HRW requests international inquiry into killings of Syria protesters

[JURIST] Human Rights Watch (HRW) [advocacy website] on Sunday requested that the United Nations (UN) [official website] begin an international inquiry [press release] into Syria's security forces after numerous civilians were fatally shot [WP report] during peaceful anti-government protests earlier this week. HRW also called on the US and UN to issue sanctions against Syrian government officials who are responsible for the excessive use of lethal force and other rights violations against protesters. UN Secretary General Ban Ki-moon, US President Barack Obama, and the leaders of several European nations issued strong condemnations [AFP report] of the April 22 shootings, which resulted in the deaths of at least 80 protesters. HRW Deputy Middle East Director Joe Stork said condemnations from the international community are "not enough" to stop the violence, saying "faced with the Syrian authorities' 'shoot to kill' strategy, the international community needs to impose sanctions on those ordering the shooting of protesters."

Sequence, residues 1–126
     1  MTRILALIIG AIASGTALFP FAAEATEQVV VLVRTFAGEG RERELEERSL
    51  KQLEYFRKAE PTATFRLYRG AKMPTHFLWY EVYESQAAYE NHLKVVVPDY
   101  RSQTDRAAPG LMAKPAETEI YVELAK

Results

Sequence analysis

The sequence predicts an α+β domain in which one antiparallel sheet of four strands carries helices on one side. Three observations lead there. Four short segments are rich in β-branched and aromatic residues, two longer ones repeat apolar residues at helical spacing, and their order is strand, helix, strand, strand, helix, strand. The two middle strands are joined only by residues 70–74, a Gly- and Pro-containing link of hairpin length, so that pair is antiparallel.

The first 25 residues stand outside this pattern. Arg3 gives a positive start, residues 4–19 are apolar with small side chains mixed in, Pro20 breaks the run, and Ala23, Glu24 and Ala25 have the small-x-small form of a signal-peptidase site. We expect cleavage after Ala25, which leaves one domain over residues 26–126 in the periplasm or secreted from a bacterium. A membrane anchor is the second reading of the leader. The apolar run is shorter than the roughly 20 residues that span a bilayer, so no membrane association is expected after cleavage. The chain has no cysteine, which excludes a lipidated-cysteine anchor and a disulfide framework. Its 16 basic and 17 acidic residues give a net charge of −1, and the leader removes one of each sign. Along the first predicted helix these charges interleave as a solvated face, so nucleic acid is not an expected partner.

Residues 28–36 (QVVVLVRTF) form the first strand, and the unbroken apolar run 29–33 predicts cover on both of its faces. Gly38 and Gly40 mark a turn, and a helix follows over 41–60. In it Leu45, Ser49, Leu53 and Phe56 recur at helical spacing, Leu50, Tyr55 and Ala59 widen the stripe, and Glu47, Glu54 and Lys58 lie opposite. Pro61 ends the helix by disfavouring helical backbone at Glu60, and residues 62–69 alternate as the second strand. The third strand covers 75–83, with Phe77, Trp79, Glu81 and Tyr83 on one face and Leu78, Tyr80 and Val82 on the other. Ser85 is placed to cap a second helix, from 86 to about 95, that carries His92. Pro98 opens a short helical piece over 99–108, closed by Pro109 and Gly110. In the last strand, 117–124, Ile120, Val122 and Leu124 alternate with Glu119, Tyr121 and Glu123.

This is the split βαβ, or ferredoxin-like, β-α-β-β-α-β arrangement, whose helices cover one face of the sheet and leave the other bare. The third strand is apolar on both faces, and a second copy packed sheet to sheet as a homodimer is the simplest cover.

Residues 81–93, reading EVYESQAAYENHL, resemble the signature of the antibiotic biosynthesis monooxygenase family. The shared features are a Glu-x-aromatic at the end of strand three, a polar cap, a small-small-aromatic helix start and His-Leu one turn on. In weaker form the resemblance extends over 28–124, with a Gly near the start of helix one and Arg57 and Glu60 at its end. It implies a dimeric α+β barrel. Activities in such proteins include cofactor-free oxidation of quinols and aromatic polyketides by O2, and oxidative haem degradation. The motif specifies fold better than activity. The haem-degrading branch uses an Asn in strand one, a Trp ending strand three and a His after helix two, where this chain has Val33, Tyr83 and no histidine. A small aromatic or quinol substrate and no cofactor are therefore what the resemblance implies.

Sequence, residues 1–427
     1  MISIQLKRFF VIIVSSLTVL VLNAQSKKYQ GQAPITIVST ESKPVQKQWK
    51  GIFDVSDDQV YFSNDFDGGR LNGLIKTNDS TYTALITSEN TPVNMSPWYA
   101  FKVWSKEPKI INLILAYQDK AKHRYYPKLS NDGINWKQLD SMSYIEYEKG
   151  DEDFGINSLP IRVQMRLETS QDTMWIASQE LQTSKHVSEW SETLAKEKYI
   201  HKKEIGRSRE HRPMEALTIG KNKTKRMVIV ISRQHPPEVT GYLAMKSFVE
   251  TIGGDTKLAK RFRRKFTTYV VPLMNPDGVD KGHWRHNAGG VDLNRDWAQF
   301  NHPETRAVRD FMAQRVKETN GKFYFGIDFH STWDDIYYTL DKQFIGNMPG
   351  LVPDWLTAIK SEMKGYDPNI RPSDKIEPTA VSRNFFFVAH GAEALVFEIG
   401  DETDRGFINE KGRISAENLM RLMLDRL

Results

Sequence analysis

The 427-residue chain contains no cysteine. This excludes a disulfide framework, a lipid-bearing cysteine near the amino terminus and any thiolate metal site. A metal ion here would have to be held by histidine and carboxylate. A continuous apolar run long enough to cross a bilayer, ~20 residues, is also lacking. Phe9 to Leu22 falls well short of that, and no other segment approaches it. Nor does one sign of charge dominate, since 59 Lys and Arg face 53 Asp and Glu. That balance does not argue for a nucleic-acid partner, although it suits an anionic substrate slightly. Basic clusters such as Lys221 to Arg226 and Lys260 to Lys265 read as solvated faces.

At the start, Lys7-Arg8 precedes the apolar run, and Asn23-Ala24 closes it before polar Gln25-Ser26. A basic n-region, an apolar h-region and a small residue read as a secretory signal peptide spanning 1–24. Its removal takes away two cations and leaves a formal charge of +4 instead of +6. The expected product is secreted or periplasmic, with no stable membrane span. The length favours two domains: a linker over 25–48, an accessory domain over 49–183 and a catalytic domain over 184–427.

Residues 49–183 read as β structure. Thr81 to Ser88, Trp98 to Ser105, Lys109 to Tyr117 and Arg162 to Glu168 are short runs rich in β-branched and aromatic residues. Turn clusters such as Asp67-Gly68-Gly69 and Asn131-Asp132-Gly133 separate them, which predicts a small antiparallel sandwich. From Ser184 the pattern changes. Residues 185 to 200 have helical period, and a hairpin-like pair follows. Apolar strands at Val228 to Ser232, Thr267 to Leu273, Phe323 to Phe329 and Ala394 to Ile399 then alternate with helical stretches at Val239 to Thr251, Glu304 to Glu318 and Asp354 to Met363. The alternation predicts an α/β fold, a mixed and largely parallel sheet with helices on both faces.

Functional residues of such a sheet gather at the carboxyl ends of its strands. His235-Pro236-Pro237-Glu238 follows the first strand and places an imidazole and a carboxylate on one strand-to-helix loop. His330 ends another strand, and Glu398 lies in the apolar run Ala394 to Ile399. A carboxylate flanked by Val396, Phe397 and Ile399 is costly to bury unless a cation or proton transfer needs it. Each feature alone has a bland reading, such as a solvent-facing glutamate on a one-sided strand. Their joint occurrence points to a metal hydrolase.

This is not the first time Syria has come under fire for its violent use of force against anti-government protesters, which so far have led to 170 deaths [JURIST report]. Earlier this month, HRW reported [text] that Syrian security forces have stopped medical personnel, sometimes violently, from attending to injured protesters. A spokesperson for the group called the practice "both inhumane and illegal." Last month, Syrian President Bashar al-Assad [Al Jazeera profile] ordered the formation of a committee [JURIST report] that will discuss repealing the country's 48-year-old state of emergency law that bans protests and allows police to detain civilians without charges. Al-Assad announced earlier in March that the government would consider ending the state of emergency [JURIST report]. Also last month, UN High Commissioner for Human Rights Navi Pillay [official profile] urged the Syrian government [JURIST report] to ensure protesters' rights to peaceful expression and to work toward addressing their concerns instead of responding with violence. As demonstrations continued throughout the country in March, the government freed 260 political detainees [AFP report] in an overture to the protesters.

 

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